So-called “mushroom synagogues” became fashionable in the United States in the late 1920s. They were often for-profit enterprises that popped up during the Rosh Hashanah season. Managed by private entrepreneurs, they undercut existing synagogue prices for High Holiday tickets. Often, they were led by a person who had some sort of knowledgeable Jewish background, and called himself a rabbi, though lacked rabbinical training or certification.
These mushroom synagogues soared in popularity during the late 1920s and early 1930s. The establishment Jewish community fought bitterly against them–one JTA article from the early 1930s described them as:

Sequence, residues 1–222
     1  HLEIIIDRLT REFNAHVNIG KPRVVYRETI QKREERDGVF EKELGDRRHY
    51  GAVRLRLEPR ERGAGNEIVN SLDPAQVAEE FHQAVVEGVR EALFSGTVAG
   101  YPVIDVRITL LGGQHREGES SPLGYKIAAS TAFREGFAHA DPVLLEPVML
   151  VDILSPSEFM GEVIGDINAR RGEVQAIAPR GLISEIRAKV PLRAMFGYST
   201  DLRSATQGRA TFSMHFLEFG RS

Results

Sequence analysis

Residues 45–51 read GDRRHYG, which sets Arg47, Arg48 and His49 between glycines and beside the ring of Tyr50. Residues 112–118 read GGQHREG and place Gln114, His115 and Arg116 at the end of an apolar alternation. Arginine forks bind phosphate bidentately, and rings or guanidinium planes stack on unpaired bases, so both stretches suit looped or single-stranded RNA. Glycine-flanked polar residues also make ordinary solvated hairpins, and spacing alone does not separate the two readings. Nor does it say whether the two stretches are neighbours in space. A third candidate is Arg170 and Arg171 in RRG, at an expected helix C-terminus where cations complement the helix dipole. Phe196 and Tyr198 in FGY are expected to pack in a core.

“Fly-by-night ‘synagogues’ which open up in ramshackle buildings or stores, sell tickets, hold mock religious services for the high holidays, and then close up while the promoters pocket the profits and wait for another year to roll by so they can resume operations.”
Shortly before Rosh Hashanah 1934, the New York state legislature declared it a misdemeanor to sell tickets to “non-legitimate places of worship,” effectively quashing the trend.
Perhaps ironically, these days, Jewish institutions are looking to the mushroom-synagogue model as a way of reaching out to Jews scared or skeptical of synagogue worship (and synagogue prices). You can probably find a free or low-cost non-synagogue High Holiday service near you.